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COVID starts taking a toll on students

With examinations being halted students say they are staring at a bleak future

2021 May 15, 11:14, Kathmandu
This image shows a building of Institute of Engineering (IoE) Paschimancal Campus in Pokhara, Kaski district in June 2019. Photo courtesy: Anish Aryal

“In the year 2076, we were studying in the third year and in the next year too we were still in the third year. It is 2078 now and we still haven’t been able to give our third-year examinations,” an engineering student from the Institute of Engineering (IoE) Paschimancal Campus laments.

The coronavirus pandemic has upended our lives. Be it physical or mental health or financially or socially, the COVID-19 has affected literally all aspects of life. It is even worse for students. Classes and examinations have been halted for so long that on average every student is lagging six to eight months behind. And with the situation being what it is, students are bound to face more obstacles with their studies. Moreover, what we students worry about is that this entire episode is going to ultimately affect our future, our career prospects.

In the particular case of Paschimanchal Campus, the examinations have been shifted twice due to national and local outbreaks of the coronavirus. When this current surge in infections halts and things normalise, which we hope will sooner rather than later, students will have to give back-to-back examinations. It will be worse for students who will have to sit for tests of those subjects that they had failed in previous semesters. Final year students of Paschimanchal Campus have still not been able to graduate with just two examinations remaining.

For instance, a few months back, Rita (name changed) started showing symptoms of COVID. She was literally caught in between the devil and the deep sea. Missing out on the examinations would hurt her future prospects but with the symptoms of the coronavirus so visible she could not attend them. What made matters worse was that there was no help forthcoming from either her teachers or the college administration. She finally decided against giving the examinations and now when examinations are held she will have to sit for 16 tests in a span of two months. Diamonds are formed under pressure but there is a limit there too.

Meanwhile, +2 graduates of the year 2077 batch are also facing a torrid time. Even when over 1,500 cases were being reported across the country they had to give their examinations. But now since all examinations have been halted, the entrance examinations for medical and paramedical faculties haven’t been taken. These students at the moment are staying idle with nothing much to do.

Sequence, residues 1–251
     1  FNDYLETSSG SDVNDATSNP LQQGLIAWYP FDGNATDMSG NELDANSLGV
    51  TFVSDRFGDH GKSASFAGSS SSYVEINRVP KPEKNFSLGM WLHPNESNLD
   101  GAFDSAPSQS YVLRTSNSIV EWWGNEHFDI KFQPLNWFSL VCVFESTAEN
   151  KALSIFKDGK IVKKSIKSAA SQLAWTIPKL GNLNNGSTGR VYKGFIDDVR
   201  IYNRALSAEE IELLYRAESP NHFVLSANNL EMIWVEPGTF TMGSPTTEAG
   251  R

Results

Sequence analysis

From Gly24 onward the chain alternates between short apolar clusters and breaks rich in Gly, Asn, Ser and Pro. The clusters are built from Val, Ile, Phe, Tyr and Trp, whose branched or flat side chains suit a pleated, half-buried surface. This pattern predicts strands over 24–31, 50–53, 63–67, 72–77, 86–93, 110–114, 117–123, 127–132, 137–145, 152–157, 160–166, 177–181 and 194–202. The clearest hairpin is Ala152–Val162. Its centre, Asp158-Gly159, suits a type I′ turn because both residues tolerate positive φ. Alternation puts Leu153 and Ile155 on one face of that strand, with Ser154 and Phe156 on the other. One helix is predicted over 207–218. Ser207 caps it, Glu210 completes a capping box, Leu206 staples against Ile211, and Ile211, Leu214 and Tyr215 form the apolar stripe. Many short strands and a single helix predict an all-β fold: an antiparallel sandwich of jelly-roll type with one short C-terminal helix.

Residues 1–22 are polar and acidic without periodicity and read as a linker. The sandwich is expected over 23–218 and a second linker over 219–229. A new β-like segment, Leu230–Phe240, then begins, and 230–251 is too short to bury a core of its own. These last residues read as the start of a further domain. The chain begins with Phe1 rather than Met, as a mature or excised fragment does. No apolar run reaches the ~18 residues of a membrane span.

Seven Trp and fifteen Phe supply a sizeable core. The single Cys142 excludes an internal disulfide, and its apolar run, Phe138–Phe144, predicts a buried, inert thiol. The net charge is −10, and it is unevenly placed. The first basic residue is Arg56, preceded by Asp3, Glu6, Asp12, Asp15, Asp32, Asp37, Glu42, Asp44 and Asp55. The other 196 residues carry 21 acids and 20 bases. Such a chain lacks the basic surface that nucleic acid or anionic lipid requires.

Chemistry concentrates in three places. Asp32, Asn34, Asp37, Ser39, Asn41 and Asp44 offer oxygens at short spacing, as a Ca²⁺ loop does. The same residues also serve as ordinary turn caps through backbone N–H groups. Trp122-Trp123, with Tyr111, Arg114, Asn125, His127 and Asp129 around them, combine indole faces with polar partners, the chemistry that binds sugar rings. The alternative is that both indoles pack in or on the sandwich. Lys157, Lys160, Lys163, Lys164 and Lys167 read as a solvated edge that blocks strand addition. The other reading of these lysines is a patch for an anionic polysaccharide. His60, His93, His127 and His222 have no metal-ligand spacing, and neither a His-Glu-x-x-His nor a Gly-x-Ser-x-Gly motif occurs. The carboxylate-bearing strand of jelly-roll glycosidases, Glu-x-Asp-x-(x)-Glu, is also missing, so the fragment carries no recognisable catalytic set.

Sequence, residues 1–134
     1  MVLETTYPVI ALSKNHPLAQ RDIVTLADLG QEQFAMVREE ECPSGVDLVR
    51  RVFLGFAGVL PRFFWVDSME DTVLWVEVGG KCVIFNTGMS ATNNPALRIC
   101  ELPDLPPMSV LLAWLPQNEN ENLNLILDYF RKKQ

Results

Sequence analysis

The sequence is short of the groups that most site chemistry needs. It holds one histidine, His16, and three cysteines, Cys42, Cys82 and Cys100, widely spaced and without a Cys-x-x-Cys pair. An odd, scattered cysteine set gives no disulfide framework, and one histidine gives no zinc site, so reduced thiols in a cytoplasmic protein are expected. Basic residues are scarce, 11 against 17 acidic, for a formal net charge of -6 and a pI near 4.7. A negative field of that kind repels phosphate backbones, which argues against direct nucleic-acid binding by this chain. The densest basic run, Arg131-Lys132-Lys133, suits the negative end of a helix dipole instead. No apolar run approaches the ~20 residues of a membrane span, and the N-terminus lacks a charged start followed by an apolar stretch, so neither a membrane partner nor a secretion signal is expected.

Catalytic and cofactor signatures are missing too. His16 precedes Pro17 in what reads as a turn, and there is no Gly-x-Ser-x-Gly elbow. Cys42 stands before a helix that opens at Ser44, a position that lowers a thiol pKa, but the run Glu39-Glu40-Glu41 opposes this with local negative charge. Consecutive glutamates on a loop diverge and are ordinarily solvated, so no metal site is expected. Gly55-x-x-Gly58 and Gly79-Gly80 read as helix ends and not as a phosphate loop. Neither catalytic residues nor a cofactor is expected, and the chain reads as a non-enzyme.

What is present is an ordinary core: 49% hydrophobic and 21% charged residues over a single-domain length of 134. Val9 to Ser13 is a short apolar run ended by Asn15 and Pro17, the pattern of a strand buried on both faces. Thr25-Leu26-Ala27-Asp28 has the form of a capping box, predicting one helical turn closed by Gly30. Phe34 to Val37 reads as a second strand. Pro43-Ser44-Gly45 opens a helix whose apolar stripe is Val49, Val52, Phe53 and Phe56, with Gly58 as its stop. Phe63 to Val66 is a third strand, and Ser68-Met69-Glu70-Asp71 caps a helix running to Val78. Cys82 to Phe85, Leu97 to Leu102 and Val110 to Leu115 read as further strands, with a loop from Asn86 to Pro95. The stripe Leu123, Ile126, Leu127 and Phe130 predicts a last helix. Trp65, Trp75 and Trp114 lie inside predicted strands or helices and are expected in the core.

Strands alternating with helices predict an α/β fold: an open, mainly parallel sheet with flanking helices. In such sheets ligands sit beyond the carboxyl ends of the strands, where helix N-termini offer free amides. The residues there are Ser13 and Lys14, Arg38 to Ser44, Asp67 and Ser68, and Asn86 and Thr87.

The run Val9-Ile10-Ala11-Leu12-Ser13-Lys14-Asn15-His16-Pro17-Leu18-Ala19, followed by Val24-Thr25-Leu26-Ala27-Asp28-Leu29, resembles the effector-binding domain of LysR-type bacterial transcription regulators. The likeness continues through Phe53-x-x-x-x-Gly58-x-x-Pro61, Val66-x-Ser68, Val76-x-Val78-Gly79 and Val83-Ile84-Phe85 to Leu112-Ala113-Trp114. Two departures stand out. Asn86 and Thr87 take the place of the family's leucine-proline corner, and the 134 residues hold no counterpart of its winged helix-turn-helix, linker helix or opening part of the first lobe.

If the situation worsens due to the COVID-19, these students will probably have to sit for the entrance examinations with those from the 2078 batch. This basically means that a whole year is wasted for these students and in the long run, it is the country that loses out. The students say that it is the irresponsibility of the Nepal Medical Council. They state that the council could have held the examinations when the situation was not so dire like how other faculties did.

Amidst all this uncertainty some colleges have been holding online classes. However, this option too is not viable for all students. The major problem is that not all students have access to a computer or a reliable internet connection. The other issue revolves around the effectiveness of such classes. All subjects cannot be taught properly through the online medium. Also, some teachers who may be fantastic in physical classes may not be able to give their best during online teaching. Moreover, some students need the physical presence of teachers and friends to understand certain things.

With the number of infections and deaths due to the COVID-19 rising in recent days, there’s little to no probability of physical classes or examinations happening any time soon. So, however difficult it may be initially, transition to the online medium of learning is a must. What would have helped is if the education system of our country had tried out this option earlier and not waited to adapt according to the changing situation.

Author Sugam Mahat is a student of Civil Engineering at Institute of Engineering, Pulchowk Campus, Lalitpur
Author Sugam Mahat is a student of Civil Engineering at Institute of Engineering, Pulchowk Campus, Lalitpur
Covid toll on students bleak future Institute of Engineering IoE campus Effect of COVID
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